Existential conflict between economic data and market pricing

Christopher Joye

Coolabah Capital

In the AFR I write that financial markets are riddled with seemingly intractable inconsistencies right now. Arguably the best barometer of the global price of money, the US 10-year government bond yield, is still sitting at only 1.45 per cent, despite the fact that core inflation is running at more than double the Federal Reserve’s 2 per cent target for the first time in decades.

The Fed has revealed that it no longer believes this inflation shock is temporary, and it is not hard to understand why. Annual wages growth in the US has surged to over 4 per cent, its highest level since before the global financial crisis. This has been powered by the jobless rate plummeting from 14 per cent in early 2020 to just 4.6 per cent today.

At the same time, consumer inflation expectations have spiked in lock-step with elevated core inflation. The New York Fed’s survey of consumer inflation expectations over the next three-years is printing at close to 4 per cent compared to the 2.7 per cent average over the five years prior to the COVID-19 crisis. There is, therefore, some evidence of a nascent wage-price spiral that threatens the credibility of the Fed’s inflation targeting regime.

Yet this data is hard to reconcile with the level of long-term discount rates. The last time the US experienced wage growth north of 4 per cent, in 2007, the interest rate on 10-year government bonds was over 5 per cent. And we have to go back to the early 1990s to find a period in which US core inflation pierced 4 per cent. At that time, 10-year government bond yields were above 8 per cent.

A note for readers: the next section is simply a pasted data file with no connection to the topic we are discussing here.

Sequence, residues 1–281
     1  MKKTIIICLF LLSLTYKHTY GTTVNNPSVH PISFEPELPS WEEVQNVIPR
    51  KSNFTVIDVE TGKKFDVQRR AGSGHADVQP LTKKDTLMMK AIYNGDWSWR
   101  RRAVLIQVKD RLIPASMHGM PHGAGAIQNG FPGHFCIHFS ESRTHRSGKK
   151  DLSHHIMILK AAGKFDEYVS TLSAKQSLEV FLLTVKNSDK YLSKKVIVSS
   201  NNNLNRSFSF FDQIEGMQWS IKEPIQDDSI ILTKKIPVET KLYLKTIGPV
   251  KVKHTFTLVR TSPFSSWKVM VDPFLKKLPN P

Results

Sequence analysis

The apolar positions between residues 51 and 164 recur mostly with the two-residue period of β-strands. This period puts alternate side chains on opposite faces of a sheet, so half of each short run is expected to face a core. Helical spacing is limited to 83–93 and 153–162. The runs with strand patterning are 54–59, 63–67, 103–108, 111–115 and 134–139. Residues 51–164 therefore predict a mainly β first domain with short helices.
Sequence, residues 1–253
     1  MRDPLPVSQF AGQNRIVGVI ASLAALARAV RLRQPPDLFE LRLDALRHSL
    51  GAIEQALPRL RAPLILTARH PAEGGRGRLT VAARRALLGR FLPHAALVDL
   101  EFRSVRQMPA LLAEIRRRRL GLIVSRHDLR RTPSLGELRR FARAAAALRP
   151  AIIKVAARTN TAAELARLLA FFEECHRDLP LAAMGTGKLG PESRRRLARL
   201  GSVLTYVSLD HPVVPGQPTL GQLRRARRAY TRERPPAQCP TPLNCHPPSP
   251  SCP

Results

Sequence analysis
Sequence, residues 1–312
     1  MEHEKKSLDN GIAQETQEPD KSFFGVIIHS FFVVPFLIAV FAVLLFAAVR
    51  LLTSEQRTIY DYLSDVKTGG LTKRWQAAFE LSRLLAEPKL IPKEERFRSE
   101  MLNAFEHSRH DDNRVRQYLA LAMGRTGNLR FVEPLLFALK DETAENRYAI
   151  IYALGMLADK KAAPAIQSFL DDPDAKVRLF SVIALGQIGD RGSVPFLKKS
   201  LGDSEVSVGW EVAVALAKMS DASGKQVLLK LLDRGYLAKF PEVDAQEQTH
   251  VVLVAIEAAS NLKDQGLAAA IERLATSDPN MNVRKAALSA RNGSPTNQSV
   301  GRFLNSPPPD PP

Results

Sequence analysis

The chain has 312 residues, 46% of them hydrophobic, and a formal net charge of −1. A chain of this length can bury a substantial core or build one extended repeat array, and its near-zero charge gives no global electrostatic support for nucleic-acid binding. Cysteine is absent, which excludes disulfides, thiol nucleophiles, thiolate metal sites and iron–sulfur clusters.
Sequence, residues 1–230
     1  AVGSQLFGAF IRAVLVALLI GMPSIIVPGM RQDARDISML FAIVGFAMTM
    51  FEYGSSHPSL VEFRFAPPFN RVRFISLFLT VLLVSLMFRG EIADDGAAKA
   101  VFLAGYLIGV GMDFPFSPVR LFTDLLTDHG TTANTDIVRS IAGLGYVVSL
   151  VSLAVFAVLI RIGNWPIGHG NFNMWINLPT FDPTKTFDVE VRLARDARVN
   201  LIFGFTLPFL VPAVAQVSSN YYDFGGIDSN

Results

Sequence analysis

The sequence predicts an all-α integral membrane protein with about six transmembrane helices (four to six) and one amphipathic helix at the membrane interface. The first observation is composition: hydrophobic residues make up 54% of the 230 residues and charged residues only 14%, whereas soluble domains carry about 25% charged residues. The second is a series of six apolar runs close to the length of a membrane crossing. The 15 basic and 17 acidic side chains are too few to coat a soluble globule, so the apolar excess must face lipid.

There are two explanations for the disconnect between interest rates, on the one hand, and the inflation and wages data on the other, which both point to the Fed being behind the curve. The first is that the Fed’s cash rate remains around zero per cent. Accordingly, the Fed has yet to start normalising policy despite evidence that the economy is converging on full employment and substantially overshooting its inflation target. The second is that the Fed continues to buy US government bonds, artificially depressing their yields, and will not stop doing so until March next year when it completes its ‘taper’ of these purchases.